Referring now to FIGS. 2-4 of the drawings, the trigger actuating mechanism 1 embodying this invention for a right-handed shooter comprises a generally oval shaped shaft mounting plate 2 b and an opposing plate 2 a which are adapted to engage the sides of the trigger guard TG which normally surrounds the trigger T. Preferably, a spacer block 3 is formed on one of the plates, preferably plate 2 a for right-handed users, and is machined to a thickness such that when plate 2 b is brought into engagement or near engagement with spacer block 3, the two plates 2 a and 2 b will snugly engage the sides of trigger guard TG. Plate 2 a preferably has a portion of its periphery cut away to define a shoulder 2 c which engages the side wall of trigger guard TG and also defines a wall portion 2 d which engages the inner surface of the rear portion of trigger guard TG. Spacer block 3 has an end surface 3 a engagable with the inner surface of the front portion of trigger guard TG. Thus, plate 2 a is secured against displacement relative to trigger guard TG. Plates 2 a and 2 b are snugly secured together by one or more fasteners such as screws or bolts 4. Preferably, bolt 4 traverses a hole 2 e provided in plate 2 b and engages a tapped hole 3 b in spacer block 3. Alternatively, spacer block 3 could be eliminated and plates 2 a and 2 b could be secured to trigger guard TG by two bolts. If it is desired to use only a single bolt, then a pair of dowel pins 5 are preferably press fitted into face 3 c of spacer block 3 and cooperate with holes 2 k provided in plate 2 b, thereby preventing relative angular displacement of plates 2 a and 2 b.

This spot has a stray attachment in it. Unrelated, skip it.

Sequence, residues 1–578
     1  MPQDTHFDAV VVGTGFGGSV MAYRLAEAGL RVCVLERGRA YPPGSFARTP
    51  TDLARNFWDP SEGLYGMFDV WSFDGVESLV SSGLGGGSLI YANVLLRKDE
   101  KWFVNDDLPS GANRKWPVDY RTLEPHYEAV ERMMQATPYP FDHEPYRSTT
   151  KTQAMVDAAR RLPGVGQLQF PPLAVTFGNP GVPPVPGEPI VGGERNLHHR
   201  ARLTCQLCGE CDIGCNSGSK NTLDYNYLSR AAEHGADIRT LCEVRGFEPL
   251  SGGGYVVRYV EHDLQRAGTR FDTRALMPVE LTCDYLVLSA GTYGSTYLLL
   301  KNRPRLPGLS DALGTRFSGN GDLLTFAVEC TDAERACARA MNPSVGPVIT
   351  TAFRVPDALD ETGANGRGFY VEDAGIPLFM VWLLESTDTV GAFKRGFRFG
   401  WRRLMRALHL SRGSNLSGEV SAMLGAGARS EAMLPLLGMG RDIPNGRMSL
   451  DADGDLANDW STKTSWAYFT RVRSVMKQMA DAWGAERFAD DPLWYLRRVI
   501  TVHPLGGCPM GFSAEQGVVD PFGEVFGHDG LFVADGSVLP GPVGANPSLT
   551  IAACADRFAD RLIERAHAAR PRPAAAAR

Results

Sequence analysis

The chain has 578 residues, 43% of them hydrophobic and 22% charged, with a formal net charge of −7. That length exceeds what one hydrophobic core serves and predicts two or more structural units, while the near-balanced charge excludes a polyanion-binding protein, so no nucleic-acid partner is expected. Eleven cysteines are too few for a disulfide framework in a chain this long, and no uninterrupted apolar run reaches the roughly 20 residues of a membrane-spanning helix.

A trigger actuating shaft 6 is rotatably mounted within a hole 2 g provided in plate 2 b. The outer end portion of shaft 6 may be enlarged to form a manually operable knob 7. Alternatively, knob 7 may be separately formed and then press fitted onto the outer end portion of shaft 6. The inwardly projecting end of actuating shaft 6 mounts a cam 8 with screw 10 which screws into a tapped hole (not shown) in the inwardly projecting end of shaft 6. Cam 8 is positioned closely adjacent to trigger T in its inactive or nonfiring position when plates 2 a and 2 b are clamped together around trigger guard TG by bolt 4. Cam 8 is designed to effect a rearward displacement of trigger T by rotation of knob 7. Whether this rotation is clockwise or counter-clockwise depends solely on the preference of the user of the trigger operating mechanism. In either event, rotation of knob 7 effects rotation of cam 8 and in turn produces a gradual rearward movement of trigger T to its firing position. This arrangement substantially eliminates jerking of trigger T because any speed of manual rotation of knob 7 still results in a smooth rearward displacement of trigger T.